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Author Topic: Vertical or Horizontal?  (Read 7134 times)

Posts: 1819

« Reply #15 on: July 25, 2012, 07:34:39 AM »

Hi Bruce.  We're located in the NC mountains near Fleetwood, 15 miles outside of Boone.  Checked your location and we almost bought a house on 197 up on the ridge where the road turns back to pavement from gravel.  At our location, the woods are thick and I'll be using an inverted Vee cut for 40M on 40M and above.  Coax to an automatic tuner mounted under the eaves and ladder line to the Vee.  I've used the same setup many times on vacations and had no problems working DX on CW.  Our place is at 3,200 feet with some 5,000 foot ridges not far away. 

73, Floyd - K8AC

Posts: 67

« Reply #16 on: July 26, 2012, 02:52:24 PM »

Hi, Floyd

It looks like I'm probably going to get an abandoned telephone pole between 30 and 35' high, unless the line crew come by to take it when I'm not home.  I'm retired and home most of the time, though.

I was thinking of a vertical on the pole and an inverted vee 30' in a tree.  I have the room for a half wave inverted vee on 80 meters.  I would like to be able to use 10 - 80 meters, maybe even 160, as my HF rig (Kenwood 820s) covers those bands.  What bands should I allocate to which antenna?  Local and DX is my plan, or is that too ambitious?  I can afford a decent vertical, but not a beam and rotator setup right now.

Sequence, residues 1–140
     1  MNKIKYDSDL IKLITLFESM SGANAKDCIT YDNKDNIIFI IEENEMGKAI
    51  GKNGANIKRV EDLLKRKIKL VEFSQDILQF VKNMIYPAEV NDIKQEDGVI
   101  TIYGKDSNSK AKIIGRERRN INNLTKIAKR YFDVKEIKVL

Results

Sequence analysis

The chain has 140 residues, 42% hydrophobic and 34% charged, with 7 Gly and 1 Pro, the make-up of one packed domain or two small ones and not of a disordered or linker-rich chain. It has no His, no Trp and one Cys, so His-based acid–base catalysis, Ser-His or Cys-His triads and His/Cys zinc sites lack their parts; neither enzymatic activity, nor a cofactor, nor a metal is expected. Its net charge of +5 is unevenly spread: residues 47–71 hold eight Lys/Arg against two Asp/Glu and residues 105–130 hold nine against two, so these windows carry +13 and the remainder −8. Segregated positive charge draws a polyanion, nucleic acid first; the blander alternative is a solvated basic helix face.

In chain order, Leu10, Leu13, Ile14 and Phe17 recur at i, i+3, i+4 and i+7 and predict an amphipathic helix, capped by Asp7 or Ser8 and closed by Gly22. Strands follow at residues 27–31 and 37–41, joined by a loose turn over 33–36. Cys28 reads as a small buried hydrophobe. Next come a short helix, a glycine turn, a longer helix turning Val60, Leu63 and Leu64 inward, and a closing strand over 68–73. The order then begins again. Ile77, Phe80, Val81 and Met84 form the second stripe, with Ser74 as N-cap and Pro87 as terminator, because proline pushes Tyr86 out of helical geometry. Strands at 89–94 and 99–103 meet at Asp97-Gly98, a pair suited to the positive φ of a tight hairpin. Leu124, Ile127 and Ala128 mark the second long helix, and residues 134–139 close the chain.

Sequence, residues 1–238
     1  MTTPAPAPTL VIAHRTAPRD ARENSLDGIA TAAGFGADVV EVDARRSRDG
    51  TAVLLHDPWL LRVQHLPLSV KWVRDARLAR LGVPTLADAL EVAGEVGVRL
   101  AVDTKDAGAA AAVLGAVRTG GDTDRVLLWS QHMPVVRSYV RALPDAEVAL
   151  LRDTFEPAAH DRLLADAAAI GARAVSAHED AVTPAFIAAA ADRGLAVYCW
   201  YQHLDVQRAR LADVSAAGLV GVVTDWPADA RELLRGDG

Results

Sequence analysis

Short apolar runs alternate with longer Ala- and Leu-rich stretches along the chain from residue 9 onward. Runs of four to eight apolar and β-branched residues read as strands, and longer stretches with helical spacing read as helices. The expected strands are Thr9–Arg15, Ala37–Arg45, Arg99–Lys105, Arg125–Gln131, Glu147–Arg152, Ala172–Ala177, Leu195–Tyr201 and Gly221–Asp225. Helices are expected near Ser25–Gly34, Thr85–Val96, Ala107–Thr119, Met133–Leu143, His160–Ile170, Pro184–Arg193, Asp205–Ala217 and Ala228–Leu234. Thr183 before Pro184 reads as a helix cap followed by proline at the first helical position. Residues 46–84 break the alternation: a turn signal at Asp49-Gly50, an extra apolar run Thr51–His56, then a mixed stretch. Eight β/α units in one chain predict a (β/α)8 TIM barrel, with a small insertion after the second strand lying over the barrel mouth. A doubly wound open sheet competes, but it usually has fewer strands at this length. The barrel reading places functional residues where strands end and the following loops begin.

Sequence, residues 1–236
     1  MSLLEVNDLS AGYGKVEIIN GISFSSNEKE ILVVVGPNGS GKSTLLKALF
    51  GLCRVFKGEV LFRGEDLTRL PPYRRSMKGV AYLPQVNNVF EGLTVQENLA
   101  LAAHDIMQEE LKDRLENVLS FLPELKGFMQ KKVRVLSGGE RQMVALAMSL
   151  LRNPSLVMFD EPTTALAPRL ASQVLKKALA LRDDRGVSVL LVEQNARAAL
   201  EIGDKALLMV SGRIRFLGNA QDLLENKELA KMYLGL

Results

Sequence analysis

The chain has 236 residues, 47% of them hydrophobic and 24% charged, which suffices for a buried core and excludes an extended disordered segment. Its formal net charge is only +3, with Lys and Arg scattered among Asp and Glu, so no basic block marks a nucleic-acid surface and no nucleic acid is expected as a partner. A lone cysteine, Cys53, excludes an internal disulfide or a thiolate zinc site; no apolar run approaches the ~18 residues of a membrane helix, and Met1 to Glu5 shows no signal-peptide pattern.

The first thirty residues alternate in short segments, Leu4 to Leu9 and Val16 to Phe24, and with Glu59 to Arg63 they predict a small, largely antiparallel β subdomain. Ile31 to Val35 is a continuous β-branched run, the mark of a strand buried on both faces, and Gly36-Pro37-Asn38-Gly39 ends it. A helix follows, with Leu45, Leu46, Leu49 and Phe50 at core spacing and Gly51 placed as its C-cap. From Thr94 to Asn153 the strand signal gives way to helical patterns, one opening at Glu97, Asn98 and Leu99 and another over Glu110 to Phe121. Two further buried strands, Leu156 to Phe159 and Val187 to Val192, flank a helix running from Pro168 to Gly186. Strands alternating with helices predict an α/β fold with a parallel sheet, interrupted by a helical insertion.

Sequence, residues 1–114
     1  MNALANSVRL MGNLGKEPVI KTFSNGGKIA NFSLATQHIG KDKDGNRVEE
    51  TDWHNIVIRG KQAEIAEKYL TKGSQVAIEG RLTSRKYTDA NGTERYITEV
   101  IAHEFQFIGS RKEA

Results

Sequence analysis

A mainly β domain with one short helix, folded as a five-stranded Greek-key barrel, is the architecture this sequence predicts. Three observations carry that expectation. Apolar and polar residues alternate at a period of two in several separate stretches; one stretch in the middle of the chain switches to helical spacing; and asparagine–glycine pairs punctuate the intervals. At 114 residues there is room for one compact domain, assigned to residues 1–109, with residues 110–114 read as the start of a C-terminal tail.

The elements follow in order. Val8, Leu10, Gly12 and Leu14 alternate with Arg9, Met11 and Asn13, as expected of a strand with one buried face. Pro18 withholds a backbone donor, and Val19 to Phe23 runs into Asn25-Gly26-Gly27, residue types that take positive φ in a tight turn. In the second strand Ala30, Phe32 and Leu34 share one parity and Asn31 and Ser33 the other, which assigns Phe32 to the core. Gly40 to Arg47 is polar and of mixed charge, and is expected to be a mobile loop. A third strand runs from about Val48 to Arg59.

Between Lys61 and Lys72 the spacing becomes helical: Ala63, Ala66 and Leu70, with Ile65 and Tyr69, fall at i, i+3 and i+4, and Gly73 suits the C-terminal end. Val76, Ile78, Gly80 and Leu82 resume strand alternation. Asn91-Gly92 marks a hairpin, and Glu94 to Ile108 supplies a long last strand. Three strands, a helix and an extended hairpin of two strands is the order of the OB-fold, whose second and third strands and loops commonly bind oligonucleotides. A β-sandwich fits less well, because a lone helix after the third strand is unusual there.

Posts: 97

« Reply #17 on: August 03, 2012, 06:04:10 PM »

I have a center fed 100' doublet and a ground mounted Butternut Vertical with radials for all bands. It's a 50/50 proposition on which one is best on any band. On any given band, the vertical is usually better for long hops and the horizontal for shorter hops. Maybe I have good conductive dirt/clay under the vertical because as far as noise goes they are about the same. One discovery was that all verticals as with yagis, were not created equal.

A down side of the vertical is in being omnidirectional. I have been in QSOs with western Pacific stations while I was being called by European stations. A directional antenna does have some advantages.

On ten meters, F2 contacts are better on the vertical than a my old 3 element Yagi at 35'. Sporadic-E contacts were better with the yagi.

My suggestion would be to have both a vertical and horizontal. Armed with a small pocketbook and forced to pick one, I would opt for a ground mounted Vertical with a radial field.         
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